Ruling due over UK’s first school for Muslims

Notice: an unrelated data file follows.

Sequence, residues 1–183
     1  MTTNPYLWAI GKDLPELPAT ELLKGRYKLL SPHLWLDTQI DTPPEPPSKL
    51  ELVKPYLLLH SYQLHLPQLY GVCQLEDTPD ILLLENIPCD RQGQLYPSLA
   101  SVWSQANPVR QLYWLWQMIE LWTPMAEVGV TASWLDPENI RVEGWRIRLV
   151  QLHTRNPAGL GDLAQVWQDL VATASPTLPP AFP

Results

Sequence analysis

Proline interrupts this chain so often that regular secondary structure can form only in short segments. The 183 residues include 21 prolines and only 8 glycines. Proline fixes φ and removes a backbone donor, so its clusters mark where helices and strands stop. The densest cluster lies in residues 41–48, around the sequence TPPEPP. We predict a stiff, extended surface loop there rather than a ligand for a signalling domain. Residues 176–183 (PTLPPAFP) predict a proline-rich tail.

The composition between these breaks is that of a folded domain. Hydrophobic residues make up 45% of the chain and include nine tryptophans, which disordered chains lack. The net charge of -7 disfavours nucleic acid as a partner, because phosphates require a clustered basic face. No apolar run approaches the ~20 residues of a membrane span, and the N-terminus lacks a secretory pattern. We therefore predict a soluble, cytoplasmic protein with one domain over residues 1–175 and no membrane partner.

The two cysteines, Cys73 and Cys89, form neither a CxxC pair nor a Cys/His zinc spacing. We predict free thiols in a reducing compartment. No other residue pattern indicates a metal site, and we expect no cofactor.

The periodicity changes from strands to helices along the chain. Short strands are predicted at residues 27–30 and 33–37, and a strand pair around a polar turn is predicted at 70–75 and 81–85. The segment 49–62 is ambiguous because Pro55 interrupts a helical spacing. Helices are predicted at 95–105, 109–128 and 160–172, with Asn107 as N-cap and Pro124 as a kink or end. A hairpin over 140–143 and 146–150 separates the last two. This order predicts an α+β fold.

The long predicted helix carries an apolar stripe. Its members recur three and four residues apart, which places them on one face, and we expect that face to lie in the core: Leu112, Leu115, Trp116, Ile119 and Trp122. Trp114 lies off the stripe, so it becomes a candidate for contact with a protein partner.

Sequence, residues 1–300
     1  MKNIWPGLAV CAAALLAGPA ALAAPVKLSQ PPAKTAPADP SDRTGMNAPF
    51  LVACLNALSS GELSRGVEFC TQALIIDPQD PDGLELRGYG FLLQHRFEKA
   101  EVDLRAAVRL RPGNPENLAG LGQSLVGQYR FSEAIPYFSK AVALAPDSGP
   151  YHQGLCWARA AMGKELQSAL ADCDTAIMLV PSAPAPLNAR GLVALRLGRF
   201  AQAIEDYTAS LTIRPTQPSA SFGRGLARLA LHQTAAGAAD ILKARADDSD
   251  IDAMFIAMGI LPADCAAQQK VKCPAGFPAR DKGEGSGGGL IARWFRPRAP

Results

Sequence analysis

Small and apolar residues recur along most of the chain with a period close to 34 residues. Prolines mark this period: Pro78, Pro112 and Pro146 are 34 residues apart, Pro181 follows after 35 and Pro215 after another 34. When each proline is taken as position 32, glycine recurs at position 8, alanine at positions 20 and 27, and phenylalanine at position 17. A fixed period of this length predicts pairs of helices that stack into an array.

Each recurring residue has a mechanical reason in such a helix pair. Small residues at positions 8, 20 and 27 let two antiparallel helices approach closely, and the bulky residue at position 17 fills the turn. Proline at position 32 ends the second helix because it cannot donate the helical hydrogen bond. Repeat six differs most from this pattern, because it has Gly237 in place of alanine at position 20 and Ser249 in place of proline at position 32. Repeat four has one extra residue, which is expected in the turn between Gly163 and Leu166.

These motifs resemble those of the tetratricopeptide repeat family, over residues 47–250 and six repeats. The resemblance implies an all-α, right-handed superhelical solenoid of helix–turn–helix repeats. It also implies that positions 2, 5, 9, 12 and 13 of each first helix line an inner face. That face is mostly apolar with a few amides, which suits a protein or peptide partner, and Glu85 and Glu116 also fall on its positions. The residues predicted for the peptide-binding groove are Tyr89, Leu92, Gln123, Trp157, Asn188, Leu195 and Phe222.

Controversy is swirling around a plan to build Britain’s first Islamic school where half the pupils would be non-Muslims. A decision is expected next month on whether Al Habib Islamic Education and Cultural Centre, a charitable foundation in Swindon, will be given approval for the plan, worth £7 million (Dh38m). The charity wants to build the 420-pupil primary school in a predominantly non-Muslim area. Half the children at the school, which would be state funded, would come from the immediate vicinity. The ther 50 per cent will come from Muslim families farther afield. Plans submitted for approval by the charity involve setting aside an hour of classroom time each day for studying the Quran and Arabic. Non-Muslim pupils would not be obliged to attend these classes, but the charity hopes the majority would do so. “The school will follow the national curriculum and have teachers from different faiths,” a spokesman for Al Habib said. “We will be there to provide guidance in religious teaching but we want pupils to understand about all faiths, not just Islam.” The centre would run similarly to other denominational schools, the spokesman said. According to the Times Educational Supplement: “The plan marks a significant development for minority faith schools, which have traditionally been set up to deal with overwhelming demand from pupils from one religion.” David Stapsted reports.

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